Middle managers need to up their diversity, equity and inclusion game. They must think harder about roles models, succession planning, psychological safety and team dynamics to harness untapped human potential, explains Apiramy Jeyarajah.
Read this article to understand:
- The importance of representation and role models at all levels of an organisation
- What separates great leaders from good managers
- How to create psychological safety and optimise team performance
Pop culture is usually the first to pick up on zeitgeists. Take Disney, and its front-of-house overhaul. Once upon a time, a Disney heroine would be found longing wistfully for a knight in shining armour to come to her rescue. But Disney princesses are now nuanced individuals with ideas and ambitions of their own. This is one reason why the Frozen franchise, with its strong female leads, has proven such a cultural phenomenon.
Representation matters. By rethinking fairy-tales and happy-ever-afters, creatives are rewriting social norms in front of our eyes. Without representation across all levels of an organisation, you simply won’t get the best out of your human capital. For all the focus on pipeline talent, budding Elsa’s need someone to look up to.
Equity...for who? – Good managers versus great leaders
Organisations tend to focus on the ‘what’ and not the ‘how’. Instead of recognising entry-level recruitment as a starting point for rethinking talent, it has been viewed as an end in and of itself.
Diversity, equity and inclusion initiatives are often viewed as a drain on resources because of the time they can involve. This completely misses the point. Firstly, it is short-termist, viewing diversity as a cost rather than an investment. Secondly, and as the chart below highlights, it ignores the economies of scale that come with creating an inclusive environment.
Figure 1: Systemic inclusion – making a process inclusive to everyone
Source: Sparkle Class, 20221
The notion of ‘psychological safety’ is well-known and widespread in management circles. Coined by Amy Edmondson, a Harvard business management scholar, the phrase intuitively describes the type of environment where people feel able to thrive.
Beyond the more obvious motivational benefits that flow from a sense of belonging, ideas are rarely driven by one person. A recent McKinsey article put it like this: “When employees feel comfortable asking for help, sharing suggestions informally, or challenging the status quo without fear of negative social consequences, organizations are more likely to innovate quickly, unlock the benefits of diversity, and adapt well to change – all capabilities that have only grown in importance during the COVID-19 crisis.”2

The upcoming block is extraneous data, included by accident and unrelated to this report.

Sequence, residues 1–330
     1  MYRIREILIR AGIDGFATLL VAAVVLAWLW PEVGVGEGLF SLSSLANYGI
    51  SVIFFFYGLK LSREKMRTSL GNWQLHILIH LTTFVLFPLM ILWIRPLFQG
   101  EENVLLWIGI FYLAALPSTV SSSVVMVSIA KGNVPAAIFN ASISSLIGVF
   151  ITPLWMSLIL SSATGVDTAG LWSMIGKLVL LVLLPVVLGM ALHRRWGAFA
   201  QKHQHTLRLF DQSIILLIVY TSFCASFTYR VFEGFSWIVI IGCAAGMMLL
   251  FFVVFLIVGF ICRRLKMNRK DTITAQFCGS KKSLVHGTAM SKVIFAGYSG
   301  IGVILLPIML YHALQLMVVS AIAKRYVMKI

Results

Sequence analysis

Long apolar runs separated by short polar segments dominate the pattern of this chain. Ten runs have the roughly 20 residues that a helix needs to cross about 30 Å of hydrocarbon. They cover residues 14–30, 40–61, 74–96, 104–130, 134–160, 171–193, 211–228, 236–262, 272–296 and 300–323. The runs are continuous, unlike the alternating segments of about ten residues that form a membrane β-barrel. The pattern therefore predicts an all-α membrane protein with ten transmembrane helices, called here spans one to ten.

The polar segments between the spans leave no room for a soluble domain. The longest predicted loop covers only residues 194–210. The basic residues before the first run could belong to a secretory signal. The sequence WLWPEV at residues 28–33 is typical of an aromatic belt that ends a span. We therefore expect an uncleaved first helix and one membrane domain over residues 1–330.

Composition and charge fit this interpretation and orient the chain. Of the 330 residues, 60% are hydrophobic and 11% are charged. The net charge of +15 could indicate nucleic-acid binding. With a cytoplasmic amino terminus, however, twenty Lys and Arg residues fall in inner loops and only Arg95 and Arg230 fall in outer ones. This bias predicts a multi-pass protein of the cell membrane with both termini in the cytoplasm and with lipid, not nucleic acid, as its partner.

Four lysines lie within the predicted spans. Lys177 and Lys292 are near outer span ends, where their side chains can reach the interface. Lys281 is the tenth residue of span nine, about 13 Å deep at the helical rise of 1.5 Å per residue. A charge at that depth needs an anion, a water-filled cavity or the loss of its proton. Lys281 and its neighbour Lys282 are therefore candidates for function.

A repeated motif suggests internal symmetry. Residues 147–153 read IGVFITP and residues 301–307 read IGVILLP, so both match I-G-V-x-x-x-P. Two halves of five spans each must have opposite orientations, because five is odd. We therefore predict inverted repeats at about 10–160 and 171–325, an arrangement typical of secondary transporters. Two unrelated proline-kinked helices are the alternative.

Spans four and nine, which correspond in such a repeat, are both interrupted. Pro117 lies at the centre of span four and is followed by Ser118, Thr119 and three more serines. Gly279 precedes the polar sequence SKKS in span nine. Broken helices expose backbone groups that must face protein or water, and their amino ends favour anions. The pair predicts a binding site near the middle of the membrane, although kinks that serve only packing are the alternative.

Everyone should feel free to show off their differences and not feel obliged to conform or assimilate to a cultural stereotype
There are some basic steps to achieving this. Treating people with respect, listening to their ideas, making them feel valued; everyone should feel free to show off their differences and not feel obliged to conform or assimilate to a cultural stereotype.
Good managers focus on day-to-day operations and tactical fixes. However, truly great leaders focus on their people. They become adept at spotting their employees’ ‘why’. Everyone is different though, and a hyper-personalised approach is key to unlocking potential.
Allowing a degree of freedom within roles should also ensure individuals have enough time and space to experiment and follow their passions, interests and curiosities. Not only is this likely to lead to higher engagement and fulfilment, it will also allow them to better identify their strengths.
A logical extension of the importance of healthy team cultures is the idea managers should figure out how to optimise their teams.
There is a simplistic and unquestioned belief in meritocracy when making hiring decisions: ‘Hire the best person for the job, always.’ However, this overlooks two key factors.
Managers should figure out how to optimise their team for the delivery of results
The first – under-appreciated potential – should not come as a surprise. The second relates to optimal team dynamics.